The most promising early-career researchers are able to advance groundbreaking research programs with the substantial support of the Ontario Early Researcher Awards.
Laurier’s Diane Gregory (Kinesiology and Physical Education) received a prestigious Early Researcher Award from Ontario’s Ministry of Research, Innovation and Science.
Lower back pain remains an extremely prevalent condition, and there is still a lot to understand about factors affecting its susceptibility to injury. Gregory researches the spine from both a mechanical and biological perspective.
On the mechanical side, Gregory seeks to understand how various postures (such as twisting and bending) and loads affect the spine’s risk of injury. On the biological side, she is using innovative approaches to assess how inflammation affects the quality of the spine and if it makes people more susceptible to further injury.
The Ontario Early Researcher Award is allowing Gregory to enhance her student training program where she exposes students to hands-on spine research in her laboratory. Gregory and her team are making valuable contributions to rehabilitation practices in both work and sport environments.
Laurier recognized the exceptional talent of emerging researchers through the inaugural Early Career Researcher Awards.
The new award is a university-wide recognition of exceptional early-career faculty members who have made significant contributions to research or creative activities in their area of expertise and toward the training of students.
Faculty members Bree Akesson (Social Work), Stephanie DeWitte-Orr (Health Sciences) and Ivona Hideg (Organizational Behaviour and Human Resource Management) were recipients of the inaugural awards.
Bree Akesson (Social Work) works with Syrian refugees in Lebanon using innovative methods, including collaborative family interviews and geographic information systems (GIS) to learn more about their everyday experiences of displacement.
Akesson is also helping to strengthen the mental health system in Afghanistan by working with two local universities to support faculty in their Counselling Psychology academic program. This collaboration will help develop a new generation of counselling psychologists to address the mental-health concerns of the Afghan population.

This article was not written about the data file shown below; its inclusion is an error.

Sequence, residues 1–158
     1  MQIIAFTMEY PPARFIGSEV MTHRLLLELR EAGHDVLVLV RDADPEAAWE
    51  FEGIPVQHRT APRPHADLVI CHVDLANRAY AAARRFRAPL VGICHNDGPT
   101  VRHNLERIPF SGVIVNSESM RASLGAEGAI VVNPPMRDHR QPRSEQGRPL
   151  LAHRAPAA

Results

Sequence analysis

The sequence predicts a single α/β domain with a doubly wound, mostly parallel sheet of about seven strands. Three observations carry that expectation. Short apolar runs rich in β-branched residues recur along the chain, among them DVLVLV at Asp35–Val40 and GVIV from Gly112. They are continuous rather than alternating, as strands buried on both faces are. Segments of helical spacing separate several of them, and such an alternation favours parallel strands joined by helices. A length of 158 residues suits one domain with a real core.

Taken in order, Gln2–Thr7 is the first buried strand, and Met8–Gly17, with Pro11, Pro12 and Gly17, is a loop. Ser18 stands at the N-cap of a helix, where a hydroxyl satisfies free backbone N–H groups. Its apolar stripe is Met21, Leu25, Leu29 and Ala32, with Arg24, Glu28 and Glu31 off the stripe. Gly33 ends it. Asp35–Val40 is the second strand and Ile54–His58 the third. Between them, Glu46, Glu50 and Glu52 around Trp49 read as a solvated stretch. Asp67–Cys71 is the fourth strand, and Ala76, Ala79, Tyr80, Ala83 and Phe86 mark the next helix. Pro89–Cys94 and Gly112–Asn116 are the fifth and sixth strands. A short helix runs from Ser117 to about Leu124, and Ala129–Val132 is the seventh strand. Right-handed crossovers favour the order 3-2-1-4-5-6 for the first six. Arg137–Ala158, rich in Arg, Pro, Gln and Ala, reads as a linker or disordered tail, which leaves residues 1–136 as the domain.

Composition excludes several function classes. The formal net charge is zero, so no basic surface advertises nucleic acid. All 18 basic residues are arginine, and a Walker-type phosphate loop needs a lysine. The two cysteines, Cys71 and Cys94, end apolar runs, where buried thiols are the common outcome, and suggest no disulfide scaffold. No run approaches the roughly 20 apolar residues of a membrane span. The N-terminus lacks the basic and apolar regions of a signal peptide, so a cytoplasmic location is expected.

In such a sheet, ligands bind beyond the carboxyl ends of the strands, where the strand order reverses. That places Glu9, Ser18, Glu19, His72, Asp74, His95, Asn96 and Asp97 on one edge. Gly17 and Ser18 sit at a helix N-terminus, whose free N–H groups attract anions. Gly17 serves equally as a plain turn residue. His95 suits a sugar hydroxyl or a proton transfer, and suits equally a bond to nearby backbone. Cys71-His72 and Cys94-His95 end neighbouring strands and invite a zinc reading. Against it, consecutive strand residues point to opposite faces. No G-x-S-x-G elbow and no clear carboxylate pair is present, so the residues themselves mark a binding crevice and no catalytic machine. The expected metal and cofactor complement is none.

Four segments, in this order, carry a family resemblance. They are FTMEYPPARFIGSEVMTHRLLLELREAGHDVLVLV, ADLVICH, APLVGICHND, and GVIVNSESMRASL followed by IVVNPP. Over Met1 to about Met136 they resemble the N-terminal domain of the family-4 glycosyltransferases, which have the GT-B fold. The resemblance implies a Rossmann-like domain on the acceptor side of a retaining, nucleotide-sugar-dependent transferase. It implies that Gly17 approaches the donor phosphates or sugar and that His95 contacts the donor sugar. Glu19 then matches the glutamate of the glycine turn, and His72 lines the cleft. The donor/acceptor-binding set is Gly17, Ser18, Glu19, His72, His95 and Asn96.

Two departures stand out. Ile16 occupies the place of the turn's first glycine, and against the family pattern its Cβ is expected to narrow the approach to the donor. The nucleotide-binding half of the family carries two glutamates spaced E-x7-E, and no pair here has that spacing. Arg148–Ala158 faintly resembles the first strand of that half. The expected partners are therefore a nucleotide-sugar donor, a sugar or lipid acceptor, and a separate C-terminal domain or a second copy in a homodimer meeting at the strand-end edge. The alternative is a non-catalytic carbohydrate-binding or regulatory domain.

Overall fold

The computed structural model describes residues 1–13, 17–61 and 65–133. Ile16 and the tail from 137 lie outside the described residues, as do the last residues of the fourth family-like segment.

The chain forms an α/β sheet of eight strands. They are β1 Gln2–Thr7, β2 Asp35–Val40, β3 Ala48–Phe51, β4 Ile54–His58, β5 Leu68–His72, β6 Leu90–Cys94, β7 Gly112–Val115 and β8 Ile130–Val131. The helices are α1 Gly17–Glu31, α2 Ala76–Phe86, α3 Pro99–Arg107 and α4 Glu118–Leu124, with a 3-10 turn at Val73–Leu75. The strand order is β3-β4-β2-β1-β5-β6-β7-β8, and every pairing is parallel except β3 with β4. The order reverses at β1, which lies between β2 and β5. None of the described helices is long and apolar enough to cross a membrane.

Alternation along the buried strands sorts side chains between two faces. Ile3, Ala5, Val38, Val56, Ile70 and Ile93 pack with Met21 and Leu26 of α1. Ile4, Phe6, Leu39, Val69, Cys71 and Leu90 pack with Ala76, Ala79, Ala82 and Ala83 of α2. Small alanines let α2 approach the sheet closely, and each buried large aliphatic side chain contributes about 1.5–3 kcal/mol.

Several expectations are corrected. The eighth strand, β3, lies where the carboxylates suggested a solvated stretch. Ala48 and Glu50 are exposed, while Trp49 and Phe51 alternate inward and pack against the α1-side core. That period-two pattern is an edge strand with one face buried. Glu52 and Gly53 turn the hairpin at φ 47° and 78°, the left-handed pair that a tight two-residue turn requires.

Stephanie Dewitte-Orr (Health Sciences) is an expert in innate immune responses. Her research focuses on double-stranded (ds)RNA, a potent stimulator of cell protection mechanisms in humans and animals. She is working towards designing dsRNA-based therapies to protect animals from virus infections.
DeWitte-Orr is one of a handful of researchers exploring dsRNA and believes these molecules are an underexplored resource for novel treatments to support the health of humans and animals.
Ivona Hideg (Organizational Behaviour and Human Resource Management), addresses the leadership challenges of promoting, supporting and leveraging diversity, equality and inclusion in the workplace. Her well-publicized research also sheds light on how to attract and retain a diverse workforce, and promote greater equality and inclusion of traditionally disadvantaged groups.
Hideg is driven by her quest to help fight inequality and better prepare organizations for diverse and equitable global workforces.
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